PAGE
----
Viewpoint: Working away from the office with Helen Bartlett
Helen Bartlett, Design Director at Paramount Interiors, explains how she’s reacted swiftly to working away from the office – an office that’s been an integral part of her daily life for almost 23 years! In her own words she talks us through her challenges, her concerns, the benefits she’s seen, what she’s missed and what she hasn’t missed whilst working at home.
“I’m now heading into my fourth month working from home and I’m sure, like many others, there has been plenty of time to ponder and re-evaluate certain things in both our work and our personal lives.
Prior to the virus, for me, remote working had fulfilled a requirement for concentration and focus. As a creative and therefore visually inspired person, I find the written word can be somewhat more of a challenge, purely from the point of view that I solely need to focus on what I’m trying to express. Any interruptions to this thought process and invariably I’ve lost the thread and have to re-focus, which when it happens on a regular basis, this results in feeling like you don't have enough hours in the day! And whilst our Cardiff office provides staff with plenty of areas to either creatively collaborate or equally quietly concentrate, there is still something about being visible that means 'you're available'.
Over the years we’ve all become so busy (not just in work, but in life in general) that it’s become far too convenient to communicate with people ‘now’ without consideration for breaking people’s train of thought. This isn’t a criticism of people, it’s just the way the world has evolved. Mainly due to advances in technology, we have all come to expect everything straight away, but this begs the question as to whether this progression has always been of a positive nature, particularly for our mental well-being.
Now that the light at the end of the tunnel is beginning to appear in terms of returning to some sense of normality, my view about remote working, or rather how we achieve a healthy balance to get work completed, has been challenged.
I’ll be honest, I love having the headspace to think about things, but I also miss the dynamic atmosphere in the office. I crave to be a part of the energy that is created by everyone working as a team to solve a problem or plan a project. I miss the person who sits opposite me, who is the centre of most of the sarcastic banter within the office, whilst also ensuring he includes himself on occasions as the willing victim. I miss our bright and cheerful Receptionist, who upon arrival and without fail walks through the office every morning with a very uplifting "Hello".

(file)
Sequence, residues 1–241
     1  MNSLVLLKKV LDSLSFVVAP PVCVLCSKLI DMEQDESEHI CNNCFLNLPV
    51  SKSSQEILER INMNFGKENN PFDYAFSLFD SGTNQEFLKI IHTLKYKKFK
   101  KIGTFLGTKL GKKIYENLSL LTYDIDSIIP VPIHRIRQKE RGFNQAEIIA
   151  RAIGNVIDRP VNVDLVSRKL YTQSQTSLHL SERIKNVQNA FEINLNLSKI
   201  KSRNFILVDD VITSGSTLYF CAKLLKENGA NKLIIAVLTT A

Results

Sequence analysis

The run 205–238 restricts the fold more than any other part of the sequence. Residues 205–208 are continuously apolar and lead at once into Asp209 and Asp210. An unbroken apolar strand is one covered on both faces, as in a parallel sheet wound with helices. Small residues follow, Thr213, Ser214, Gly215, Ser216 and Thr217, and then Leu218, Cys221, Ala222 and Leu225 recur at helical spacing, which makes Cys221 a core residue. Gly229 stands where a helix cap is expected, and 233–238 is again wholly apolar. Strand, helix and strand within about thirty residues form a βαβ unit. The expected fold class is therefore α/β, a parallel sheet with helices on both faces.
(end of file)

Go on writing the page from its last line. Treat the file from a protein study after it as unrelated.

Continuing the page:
However, what I don’t miss, and something which has proved to demonstrate that we could all work more effectively, are the lengthy meetings. The use of video calling using Zoom or Microsoft Teams has been invaluable and whether speaking with colleagues or clients, we have demonstrated that we can still have some light-hearted fun but meetings are now so much more focussed, thus saving time and mental energy.
But throughout this extraordinary time, one question in particular that relates to my work life that has kept me thinking and was raised in the early stages of home working - will the pandemic cause lasting effects on the office as we know it?
Having the time to actually give this some consideration, I’ve also had the opportunity to discuss this via phone and video call with a number of people over recent months, whether that be with colleagues or suppliers, as well as within our virtual coffee mornings I’ve been involved with.
I can unequivocally suggest that this will be the ultimate re-energising of the workplace. In so much as people will wholeheartedly want to be back together, albeit within one metre plus (England) or two metres (Wales) of each other, and have the 'normal' routine of getting up and travelling to a physical place of work, using this time to gather one’s thoughts and plan for the day ahead. We’ve had the line between our home and work lives stripped away and for me, this has now become somewhat blurred.
You see the point of this is complacency. You don’t truly appreciate what you’ve got until you’ve lost it. As one of my colleagues said to me just prior to lockdown “we’re family”, and I am not too proud to admit that throughout these months I have missed mine immensely, both of them.
I hope to see many of our clients, suppliers and friends in our showroom again very soon but in the meantime, here’s to a safe and successful return to the workplace.”
Helen Bartlett is our Design Director and has been with Paramount Interiors since 1998. Helen is responsible for designing key projects, making strategic business decisions and reviewing processes. Helen has recently worked on the refurbishment of Grade A office space at the iconic Hodge House building in central Cardiff.
Posted by Hayley Francis on
15 July 2020 at 12:00 AM
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